The lawsuit that Boris Berezovsky has brought against his former business partner and protege Roman Abramovic in London’s High Court has solicited a great deal of media attention. This is unsurprising; the scabrous tale of back-stabbing and wheeler-dealing amid a backdrop of fabulous wealth has proved intriguing to the international media. As an article by Phillip Stevenson in the FT points out today however, the way in which the trial has uncovered some of the darker aspects of the Wild East 90s asset grab has also turned an unfavorable eye towards the current political climate in Russia. Berezovsky believes that if corruption was bad then, it is worse now. From the FT:
Amid the claims, counterclaims and occasional name-calling, there is a thread running through the story: the aforementioned Mr Putin.
Russia is still trapped in the 1990s. True, Mr Putin restored a semblance of order by concentrating power in the Kremlin and the state security services. Some of the big players have changed and the balance of advantage has shifted. But the game is essentially the same. Wealth is concentrated in the hands of a privileged few, corruption remains endemic and the rule of law is a flimsy pretence. Business leaders, as oligarchs are now called, still pay for political protection.
What has happened is that those who prospered during the 1990s were divided into two camps: the good oligarchs, who deferred to Mr Putin’s grip on state power; and the bad ones, who dared harbour their own political ambitions.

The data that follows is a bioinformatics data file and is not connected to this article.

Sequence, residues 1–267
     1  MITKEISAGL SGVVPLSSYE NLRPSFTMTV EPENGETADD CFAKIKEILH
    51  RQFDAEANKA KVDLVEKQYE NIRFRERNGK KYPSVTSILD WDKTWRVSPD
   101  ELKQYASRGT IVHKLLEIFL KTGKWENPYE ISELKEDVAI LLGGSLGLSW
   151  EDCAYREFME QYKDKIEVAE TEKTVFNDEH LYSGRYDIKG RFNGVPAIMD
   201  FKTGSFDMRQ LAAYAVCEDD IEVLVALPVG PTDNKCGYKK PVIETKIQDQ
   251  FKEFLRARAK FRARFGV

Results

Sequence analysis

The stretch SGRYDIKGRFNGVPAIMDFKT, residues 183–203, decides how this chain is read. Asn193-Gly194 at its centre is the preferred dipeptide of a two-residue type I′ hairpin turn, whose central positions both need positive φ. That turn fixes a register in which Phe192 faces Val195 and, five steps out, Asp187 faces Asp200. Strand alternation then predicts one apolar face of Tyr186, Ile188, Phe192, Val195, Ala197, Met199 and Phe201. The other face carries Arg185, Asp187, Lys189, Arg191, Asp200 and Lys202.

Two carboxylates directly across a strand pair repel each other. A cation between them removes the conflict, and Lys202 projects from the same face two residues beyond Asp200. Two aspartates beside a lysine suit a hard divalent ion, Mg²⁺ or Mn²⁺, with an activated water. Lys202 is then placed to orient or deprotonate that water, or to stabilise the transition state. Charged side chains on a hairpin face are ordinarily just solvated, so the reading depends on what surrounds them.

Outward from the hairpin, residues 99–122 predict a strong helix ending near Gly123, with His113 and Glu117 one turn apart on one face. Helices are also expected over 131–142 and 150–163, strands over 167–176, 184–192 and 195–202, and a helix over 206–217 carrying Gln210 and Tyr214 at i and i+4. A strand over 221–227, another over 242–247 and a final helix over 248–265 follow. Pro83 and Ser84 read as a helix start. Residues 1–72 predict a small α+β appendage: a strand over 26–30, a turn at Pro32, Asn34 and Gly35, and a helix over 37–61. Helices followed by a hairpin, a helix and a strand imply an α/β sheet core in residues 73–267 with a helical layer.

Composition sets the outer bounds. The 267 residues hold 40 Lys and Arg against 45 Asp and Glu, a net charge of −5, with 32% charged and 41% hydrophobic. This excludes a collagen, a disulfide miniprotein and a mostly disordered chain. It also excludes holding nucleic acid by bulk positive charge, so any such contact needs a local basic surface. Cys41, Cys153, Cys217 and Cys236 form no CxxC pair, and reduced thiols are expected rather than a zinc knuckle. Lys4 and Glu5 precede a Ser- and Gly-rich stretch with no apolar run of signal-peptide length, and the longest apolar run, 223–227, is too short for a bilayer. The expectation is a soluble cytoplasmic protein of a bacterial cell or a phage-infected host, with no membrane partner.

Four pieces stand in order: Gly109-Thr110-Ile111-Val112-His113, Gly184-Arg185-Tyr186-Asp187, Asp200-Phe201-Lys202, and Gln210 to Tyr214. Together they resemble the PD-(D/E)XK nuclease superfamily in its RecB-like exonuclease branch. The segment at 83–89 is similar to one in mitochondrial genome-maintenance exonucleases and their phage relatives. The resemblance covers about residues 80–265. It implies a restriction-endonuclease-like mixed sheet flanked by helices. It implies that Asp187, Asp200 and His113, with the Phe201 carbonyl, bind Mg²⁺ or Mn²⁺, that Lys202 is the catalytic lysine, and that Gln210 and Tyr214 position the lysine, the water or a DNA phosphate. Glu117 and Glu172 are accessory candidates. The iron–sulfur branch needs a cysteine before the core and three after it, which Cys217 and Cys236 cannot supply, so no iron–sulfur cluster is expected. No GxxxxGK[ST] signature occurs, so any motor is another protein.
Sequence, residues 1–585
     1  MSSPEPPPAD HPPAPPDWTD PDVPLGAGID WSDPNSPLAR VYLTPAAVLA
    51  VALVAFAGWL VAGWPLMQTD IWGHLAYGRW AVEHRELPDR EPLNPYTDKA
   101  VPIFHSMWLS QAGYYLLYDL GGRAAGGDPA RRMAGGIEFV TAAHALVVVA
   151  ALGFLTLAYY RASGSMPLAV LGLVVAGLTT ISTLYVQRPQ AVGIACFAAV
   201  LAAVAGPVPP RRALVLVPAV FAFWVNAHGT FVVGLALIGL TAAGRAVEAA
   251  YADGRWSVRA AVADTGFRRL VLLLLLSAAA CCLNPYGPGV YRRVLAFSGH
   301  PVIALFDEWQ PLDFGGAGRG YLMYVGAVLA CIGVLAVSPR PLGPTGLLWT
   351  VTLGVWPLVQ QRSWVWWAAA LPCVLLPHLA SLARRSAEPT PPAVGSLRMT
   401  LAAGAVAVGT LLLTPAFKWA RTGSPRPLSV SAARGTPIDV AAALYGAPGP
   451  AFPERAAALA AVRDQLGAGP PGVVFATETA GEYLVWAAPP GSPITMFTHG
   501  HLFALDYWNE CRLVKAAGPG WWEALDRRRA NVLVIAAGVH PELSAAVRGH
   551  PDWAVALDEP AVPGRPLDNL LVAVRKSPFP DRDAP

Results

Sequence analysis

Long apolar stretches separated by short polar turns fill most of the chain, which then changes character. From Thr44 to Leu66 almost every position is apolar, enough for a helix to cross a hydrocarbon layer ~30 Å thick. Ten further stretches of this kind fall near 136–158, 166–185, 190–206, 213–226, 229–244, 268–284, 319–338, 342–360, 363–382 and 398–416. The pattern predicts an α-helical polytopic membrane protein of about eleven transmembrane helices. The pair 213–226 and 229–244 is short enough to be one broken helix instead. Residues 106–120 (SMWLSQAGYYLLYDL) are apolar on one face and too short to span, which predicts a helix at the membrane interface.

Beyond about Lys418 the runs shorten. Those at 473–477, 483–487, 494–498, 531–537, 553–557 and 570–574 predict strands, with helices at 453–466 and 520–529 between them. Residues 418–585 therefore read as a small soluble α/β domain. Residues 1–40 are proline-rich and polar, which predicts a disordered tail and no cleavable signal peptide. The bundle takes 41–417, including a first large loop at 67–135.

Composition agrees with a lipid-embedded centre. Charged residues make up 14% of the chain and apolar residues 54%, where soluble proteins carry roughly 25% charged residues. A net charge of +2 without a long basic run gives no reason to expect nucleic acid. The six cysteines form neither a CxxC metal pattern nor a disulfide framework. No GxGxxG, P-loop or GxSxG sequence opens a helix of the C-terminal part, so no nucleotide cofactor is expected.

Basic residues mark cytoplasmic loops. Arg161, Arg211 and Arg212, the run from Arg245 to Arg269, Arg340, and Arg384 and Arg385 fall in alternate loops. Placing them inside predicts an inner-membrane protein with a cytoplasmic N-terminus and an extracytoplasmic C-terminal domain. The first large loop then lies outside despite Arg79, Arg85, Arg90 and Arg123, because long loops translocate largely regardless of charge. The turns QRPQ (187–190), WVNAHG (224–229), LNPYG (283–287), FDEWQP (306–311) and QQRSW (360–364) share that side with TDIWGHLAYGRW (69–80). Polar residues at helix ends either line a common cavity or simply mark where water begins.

Mikhail Khodorkovsky was another who challenged the bargain. After two show trials, the former head of Yukos languishes in a Siberian prison. At the Kremlin, there is a certain coyness about what fortunes may have been amassed by Mr Putin and his close allies. Diplomats say they run into many billions.
Russia is richer now, the beneficiary of soaring energy prices during Mr Putin’s first spell in the presidency. On every other economic measure – foreign investment, technology, the pattern of trade, the condition of the national infrastructure, or educational attainment – the clouds have darkened. Russia’s population is shrinking fast.
There were moments when it looked as if things might change. Dmitry Medvedev, who has kept the Kremlin warm for Mr Putin’s return, seems to have grasped the challenges of an economy defined by hydrocarbon riches, obsolete technology and capital flight. The good intentions have come to nought. Mr Putin is many things but he is not a moderniser.
As in economics, so in geopolitics. Mr Putin’s outlook on the world is locked in the post-Soviet timewarp. A cool analysis of Russia’s strategic interests would throw up several worries. The depopulation of Russia’s eastern territories and the rise of jihadi terrorism to the south would be among them. So too would be the country’s economic backwardness and, incidentally, the scorn this attracts in places such as Beijing.
Mr Putin prefers old enemies. Russian foreign policy is defined by his embrace of victim-hood – by the loss of empire and the belief that Moscow was cheated by Nato after the collapse of communism. Russia, in this mindset, must be treated as if it is still the second superpower. No matter that its economy is a 10th of the size of that of the US.
There is nothing in this wilful embrace of decline for the west to celebrate. American and European interests lie in a modern, stable and prosperous Russia closely engaged in the world. A declining Russia will prefer to seek out enemies rather than make friends. Sad to say, all the signs are that Mr Putin is beyond convincing. Like the oligarchs, he is frozen in time.